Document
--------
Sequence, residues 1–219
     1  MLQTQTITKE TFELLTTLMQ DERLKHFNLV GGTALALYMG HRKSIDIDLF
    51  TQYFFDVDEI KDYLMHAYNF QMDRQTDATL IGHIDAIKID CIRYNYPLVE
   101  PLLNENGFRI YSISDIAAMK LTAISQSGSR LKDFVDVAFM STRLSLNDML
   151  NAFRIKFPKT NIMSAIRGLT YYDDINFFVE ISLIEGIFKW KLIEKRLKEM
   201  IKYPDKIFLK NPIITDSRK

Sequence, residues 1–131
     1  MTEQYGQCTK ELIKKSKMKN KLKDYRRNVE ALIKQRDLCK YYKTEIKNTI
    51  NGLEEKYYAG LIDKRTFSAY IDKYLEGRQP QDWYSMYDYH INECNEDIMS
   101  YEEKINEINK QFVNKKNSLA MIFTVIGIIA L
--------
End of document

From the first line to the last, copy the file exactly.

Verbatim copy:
Sequence, residues 1–219
     1  MLQTQTITKE TFELLTTLMQ DERLKHFNLV GGTALALYMG HRKSIDIDLF
    51  TQYFFDVDEI KDYLMHAYNF QMDRQTDATL IGHIDAIKID CIRYNYPLVE
   101  PLLNENGFRI YSISDIAAMK LTAISQSGSR LKDFVDVAFM STRLSLNDML
   151  NAFRIKFPKT NIMSAIRGLT YYDDINFFVE ISLIEGIFKW KLIEKRLKEM
   201  IKYPDKIFLK NPIITDSRK

Sequence, residues 1–131
     1  MTEQYGQCTK ELIKKSKMKN KLKDYRRNVE ALIKQRDLCK YYKTEIKNTI
    51  NGLEEKYYAG LIDKRTFSAY IDKYLEGRQP QDWYSMYDYH INECNEDIMS
   101  YEEKINEINK QFVNKKNSLA MIFTVIGIIA L